Thanks for saying what needs saying. Beautifully articulated.
2 August 2011
Social Security and Medicare are not, strictly speaking, entitlement programs because we, the workers, have been paying into it for our entire working lives. That is our money. It is not something we are demanding as an “entitlement”. We’ve already paid for it. What the government is doing is stealing our money. Call it what it is.
1 August 2011
The bourgeois military in Egypt that seized power did so in order to save the elite. As with all military apparatuses around the globe, their purpose is to protect the assets of the ruling stratum.
This is why none of the demands that called for the re-nationalization of industry have been met. The pseudo-left organizations like the International Socialist Organization (ISO), Revolutionary Socialists (RS), the Democratic Workers Party and the Socialist Alliance Party that deemed the military apparatus would guarantee the demands of the revolution.
It is these pseudo-left elements that are to blame for the recent violence against protestors who are un-armed and defenseless against the state apparatus. At the first sign of struggle against such reactionary force, they flee the scene like the dogs they are. No trust can be given to such organizations.
These organizations like the ISO are the first line of defense for the bourgeoisie as they seek to confuse the working class and channel the anger into safe havens for the bourgeoisie…
In evaluating these events in Egypt it was the Socialist Equality Party that was consistent in its analysis of the Egyptian revolution and in stating that the task of the working class was to seize power for itself. The Socialist Equality Party called for the building of a new socialist party, which I have no doubt that the ICFI is working towards.
Those who are not consistent and truthful to the working class do not represent the workers. Is it time to give the Socialist Equality Party the opportunity to defend us?
2 August 2011
I agree with the points made by Richard Phillips in the review of the two films Jane Eyre and The Arbor, one bringing out the power of Charlotte Bronte’s novel in film, and the weaknesses expressed in Barnard’s film which does not tackle the underlying social and political issues confronting generations like Dunbar.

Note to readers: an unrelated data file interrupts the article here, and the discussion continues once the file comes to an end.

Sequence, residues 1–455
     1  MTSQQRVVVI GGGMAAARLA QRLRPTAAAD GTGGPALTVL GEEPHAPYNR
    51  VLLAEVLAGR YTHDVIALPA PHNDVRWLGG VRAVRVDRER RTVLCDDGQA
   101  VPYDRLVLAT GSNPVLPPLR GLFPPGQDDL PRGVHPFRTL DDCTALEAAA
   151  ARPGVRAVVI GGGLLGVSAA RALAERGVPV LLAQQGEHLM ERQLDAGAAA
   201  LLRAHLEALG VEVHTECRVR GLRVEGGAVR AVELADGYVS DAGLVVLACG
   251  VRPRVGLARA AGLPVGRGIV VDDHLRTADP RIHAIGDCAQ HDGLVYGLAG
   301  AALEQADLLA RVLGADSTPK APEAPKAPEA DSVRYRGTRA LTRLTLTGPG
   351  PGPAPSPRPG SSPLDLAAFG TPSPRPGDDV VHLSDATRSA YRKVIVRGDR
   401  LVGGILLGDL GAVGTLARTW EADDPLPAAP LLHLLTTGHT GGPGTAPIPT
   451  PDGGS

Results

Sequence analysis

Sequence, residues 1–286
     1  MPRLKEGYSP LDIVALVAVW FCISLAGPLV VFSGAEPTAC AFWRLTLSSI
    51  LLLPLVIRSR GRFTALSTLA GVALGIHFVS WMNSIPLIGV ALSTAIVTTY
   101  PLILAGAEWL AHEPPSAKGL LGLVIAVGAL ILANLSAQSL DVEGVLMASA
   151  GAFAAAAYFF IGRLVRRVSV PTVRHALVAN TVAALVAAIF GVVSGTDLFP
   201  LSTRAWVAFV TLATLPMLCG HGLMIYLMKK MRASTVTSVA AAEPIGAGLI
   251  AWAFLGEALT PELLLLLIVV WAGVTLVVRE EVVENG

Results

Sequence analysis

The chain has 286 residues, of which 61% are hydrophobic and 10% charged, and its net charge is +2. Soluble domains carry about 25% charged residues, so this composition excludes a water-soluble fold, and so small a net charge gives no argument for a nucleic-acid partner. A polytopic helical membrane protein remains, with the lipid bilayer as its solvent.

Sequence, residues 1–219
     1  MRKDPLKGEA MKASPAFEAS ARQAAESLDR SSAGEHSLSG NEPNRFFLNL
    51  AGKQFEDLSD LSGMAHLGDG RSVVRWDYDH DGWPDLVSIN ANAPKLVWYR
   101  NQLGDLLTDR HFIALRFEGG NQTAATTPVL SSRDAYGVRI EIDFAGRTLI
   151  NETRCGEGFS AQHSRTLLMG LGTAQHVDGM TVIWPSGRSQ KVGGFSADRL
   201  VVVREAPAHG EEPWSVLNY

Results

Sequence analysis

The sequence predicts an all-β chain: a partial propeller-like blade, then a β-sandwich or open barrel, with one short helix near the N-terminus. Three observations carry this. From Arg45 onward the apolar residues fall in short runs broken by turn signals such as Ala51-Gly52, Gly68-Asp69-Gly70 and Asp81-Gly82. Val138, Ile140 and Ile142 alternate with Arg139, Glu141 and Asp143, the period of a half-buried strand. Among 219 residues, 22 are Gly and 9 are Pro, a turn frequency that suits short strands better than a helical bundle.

There are a number of connections between the two writers which I think are significant.
Both writers were born within five miles of each other in the textile area of Bradford. Charlotte was writing at the beginning of capitalism’s ascendancy in the textiles, in which Bradford became the wool capital of the world within less than ten years; the other one produced during the protracted decline of the textile industry and the impact that had in one of the most depressed and impoverished estates in that area.
The Buttershaw estate, like many of those surrounding the major cities in Britain, suffered from huge decline in infrastructure. However, the fact that Dunbar was able to express in albeit a restricted way the shocking experiences of her family life was due to the fact that her generation was still educated in the great novels of the 19th century such as that of the Bronte sisters—Jane Eyre, Wuthering Heights, Shirley.
When Buttershaw Comprehensive school was opened in the 1960s on the Buttershaw estate it boasted some of the best facilities of the schools in Bradford with its own swimming pool and theatre. Within less than fifteen years estates and schools like Buttershaw were turned upside down by the social and economic crisis from the late 1970s onwards. From that point on, the local council, in response to inner-city riots, sought to divide and rule through targeted spending based on identity politics in which all the outlying estates like Buttershaw were left to rot. The city became a test case for the sectionalisation of “community politics” where a middle class layer benefited from the impoverishment of inner cities.
These are the issues that Barnard fails to bring out.
2 August 2011
The banning of abortions in many states as well as the astronomical costs and limited availability of contraceptives are half of the problem. The other half is that schools do not teach children what happened in the 1960s as far as women’s rights are concerned and home-schooled children do not, generally, learn anything about things their parents do not morally agree with.
I often wonder as I walk down the streets and see 15-year-old children pushing babies around if they have ever even considered the fact that they did not need to get pregnant nor did they have to bring the child to term. It seems to me that all of the hippies of the 60s fighting the draft and fighting for equal rights have lost the battle and everything they worked for is slowly being purged from our national consciousness, our libraries, our television shows, our films and our art in general. In fact, if you were to ask most high-school seniors about Vietnam and the ERA they would not have a clue as to what you were asking them. I have to commend the people who control the present, for they really do control the past.
2 August 2011